Why on earth the government don't just buy a nearby building and turn it into serviced studio flats for MP's I don't know; I would be happy for them to stay there rent free and during holiday periods when MP's aren't sitting the studios could be rented out as holiday lets to recoup some of the purchase costs or to pay for building maintenance. Then MP's could be reimbursed for travel and meals and there would be none of the opportunities for fiddling the public purse - either legally or otherwise.

durhamjen Tue 08-Apr-14 23:59:00

But Maria Miller was using her London home as her second home even though that was the one where her family lived.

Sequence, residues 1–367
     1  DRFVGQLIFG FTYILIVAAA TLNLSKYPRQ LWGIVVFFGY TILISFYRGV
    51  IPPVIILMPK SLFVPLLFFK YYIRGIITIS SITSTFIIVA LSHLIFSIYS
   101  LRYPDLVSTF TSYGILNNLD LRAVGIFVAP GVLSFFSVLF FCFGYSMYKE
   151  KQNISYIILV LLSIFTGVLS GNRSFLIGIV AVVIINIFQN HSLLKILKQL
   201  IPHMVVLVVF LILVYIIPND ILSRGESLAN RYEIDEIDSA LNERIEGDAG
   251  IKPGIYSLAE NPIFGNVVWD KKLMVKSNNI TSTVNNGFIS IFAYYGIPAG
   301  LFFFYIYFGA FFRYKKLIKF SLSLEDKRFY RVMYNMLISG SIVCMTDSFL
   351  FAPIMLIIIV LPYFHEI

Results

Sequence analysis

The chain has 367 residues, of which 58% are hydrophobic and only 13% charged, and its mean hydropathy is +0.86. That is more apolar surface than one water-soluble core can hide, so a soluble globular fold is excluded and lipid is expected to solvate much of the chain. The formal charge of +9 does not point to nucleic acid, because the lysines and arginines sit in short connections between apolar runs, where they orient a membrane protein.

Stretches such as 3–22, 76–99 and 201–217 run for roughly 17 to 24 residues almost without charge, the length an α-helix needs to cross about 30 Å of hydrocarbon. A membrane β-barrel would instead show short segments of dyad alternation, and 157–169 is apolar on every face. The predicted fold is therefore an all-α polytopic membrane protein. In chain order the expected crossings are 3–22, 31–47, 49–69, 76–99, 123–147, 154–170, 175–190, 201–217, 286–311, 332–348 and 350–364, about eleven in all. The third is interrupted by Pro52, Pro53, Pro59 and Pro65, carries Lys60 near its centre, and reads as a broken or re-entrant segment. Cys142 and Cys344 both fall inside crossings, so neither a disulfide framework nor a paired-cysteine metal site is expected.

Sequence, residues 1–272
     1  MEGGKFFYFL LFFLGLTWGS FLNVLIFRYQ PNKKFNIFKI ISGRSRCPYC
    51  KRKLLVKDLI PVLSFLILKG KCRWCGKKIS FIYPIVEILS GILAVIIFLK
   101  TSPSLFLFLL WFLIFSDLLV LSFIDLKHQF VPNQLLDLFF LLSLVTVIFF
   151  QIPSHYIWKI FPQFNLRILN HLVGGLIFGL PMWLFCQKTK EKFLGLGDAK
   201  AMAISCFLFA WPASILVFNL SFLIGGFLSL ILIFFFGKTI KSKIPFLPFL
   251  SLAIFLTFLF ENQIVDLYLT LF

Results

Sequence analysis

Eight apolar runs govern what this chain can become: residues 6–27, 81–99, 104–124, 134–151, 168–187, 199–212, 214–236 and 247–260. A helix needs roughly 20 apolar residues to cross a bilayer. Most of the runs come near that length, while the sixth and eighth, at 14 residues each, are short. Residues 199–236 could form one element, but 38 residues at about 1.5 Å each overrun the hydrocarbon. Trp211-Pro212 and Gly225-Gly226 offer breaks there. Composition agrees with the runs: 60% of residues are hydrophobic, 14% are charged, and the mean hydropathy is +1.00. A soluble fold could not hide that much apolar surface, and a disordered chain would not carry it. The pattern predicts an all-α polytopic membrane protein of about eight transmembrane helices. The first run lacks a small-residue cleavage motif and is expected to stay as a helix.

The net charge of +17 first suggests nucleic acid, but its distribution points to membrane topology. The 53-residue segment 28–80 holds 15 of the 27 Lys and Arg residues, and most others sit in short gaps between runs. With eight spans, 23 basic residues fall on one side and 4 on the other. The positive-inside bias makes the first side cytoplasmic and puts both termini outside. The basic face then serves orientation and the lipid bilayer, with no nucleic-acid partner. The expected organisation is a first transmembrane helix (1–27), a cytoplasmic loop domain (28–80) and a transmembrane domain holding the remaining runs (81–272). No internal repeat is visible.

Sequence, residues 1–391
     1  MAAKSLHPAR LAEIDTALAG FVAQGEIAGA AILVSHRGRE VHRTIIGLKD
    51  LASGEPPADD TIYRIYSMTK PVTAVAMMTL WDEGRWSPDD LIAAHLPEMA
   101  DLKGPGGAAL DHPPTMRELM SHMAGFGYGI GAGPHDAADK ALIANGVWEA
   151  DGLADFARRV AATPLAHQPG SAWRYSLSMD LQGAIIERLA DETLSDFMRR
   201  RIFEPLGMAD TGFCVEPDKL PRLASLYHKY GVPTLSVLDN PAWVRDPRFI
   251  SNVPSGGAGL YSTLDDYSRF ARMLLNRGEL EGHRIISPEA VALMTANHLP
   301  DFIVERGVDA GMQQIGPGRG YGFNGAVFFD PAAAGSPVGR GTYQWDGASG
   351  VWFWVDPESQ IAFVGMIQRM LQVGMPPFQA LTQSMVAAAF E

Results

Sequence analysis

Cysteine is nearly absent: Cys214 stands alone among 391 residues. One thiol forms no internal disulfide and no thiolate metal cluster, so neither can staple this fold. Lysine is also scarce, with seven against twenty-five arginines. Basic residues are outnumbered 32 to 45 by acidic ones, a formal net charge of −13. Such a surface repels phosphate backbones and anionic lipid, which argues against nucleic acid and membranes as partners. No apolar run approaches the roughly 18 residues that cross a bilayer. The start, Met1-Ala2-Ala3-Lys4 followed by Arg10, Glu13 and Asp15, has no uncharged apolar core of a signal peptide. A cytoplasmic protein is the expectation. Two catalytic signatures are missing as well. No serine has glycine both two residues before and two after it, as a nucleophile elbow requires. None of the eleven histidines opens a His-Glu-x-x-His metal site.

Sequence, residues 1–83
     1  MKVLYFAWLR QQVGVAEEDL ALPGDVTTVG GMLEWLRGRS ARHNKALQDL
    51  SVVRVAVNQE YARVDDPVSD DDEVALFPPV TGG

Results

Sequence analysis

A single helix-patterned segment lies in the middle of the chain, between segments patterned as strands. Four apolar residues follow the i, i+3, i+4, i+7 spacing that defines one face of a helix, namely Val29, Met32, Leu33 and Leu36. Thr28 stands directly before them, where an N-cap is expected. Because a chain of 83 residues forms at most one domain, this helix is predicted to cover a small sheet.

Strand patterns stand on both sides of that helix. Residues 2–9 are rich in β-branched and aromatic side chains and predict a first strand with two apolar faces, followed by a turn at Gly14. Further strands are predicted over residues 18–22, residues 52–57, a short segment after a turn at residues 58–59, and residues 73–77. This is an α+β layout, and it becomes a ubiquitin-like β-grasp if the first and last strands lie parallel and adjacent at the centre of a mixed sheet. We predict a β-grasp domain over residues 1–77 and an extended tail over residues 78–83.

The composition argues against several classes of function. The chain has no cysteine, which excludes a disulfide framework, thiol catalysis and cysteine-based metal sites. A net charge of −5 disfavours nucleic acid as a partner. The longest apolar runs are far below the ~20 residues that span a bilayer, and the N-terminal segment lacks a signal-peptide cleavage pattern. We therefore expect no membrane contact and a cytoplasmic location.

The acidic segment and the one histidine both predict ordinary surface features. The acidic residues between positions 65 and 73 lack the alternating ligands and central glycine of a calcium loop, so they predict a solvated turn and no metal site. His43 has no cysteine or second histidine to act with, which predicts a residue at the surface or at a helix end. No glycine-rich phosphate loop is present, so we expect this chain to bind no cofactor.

That's the problem of many MPs not living in the constituency they represent. They just pretend to, and have their family base in London.

Iam64 Wed 09-Apr-14 08:17:31

After the Olympics, it was often suggested that the government buy some of the athlete accommodation for MP's to use when in London. I resent my hard earned cash being used to support MP's buying in London where house prices are rocketing. It feels like a pension investment to me. It's just wrong. I'd pay MP's twice their current salaries, provide a one bedroom flat for them to live in if their constituencies are out of commuting distance and an exact list of claimable expenses. Public servants are clear what can/can't be claimed, and what the limits are. Why should MP's be treated differently. If MP's choose to live in London, and bring their families to the capital, they can either rent or buy, it's up to them, but I don't want to pay for it.

POGS Wed 09-Apr-14 17:22:30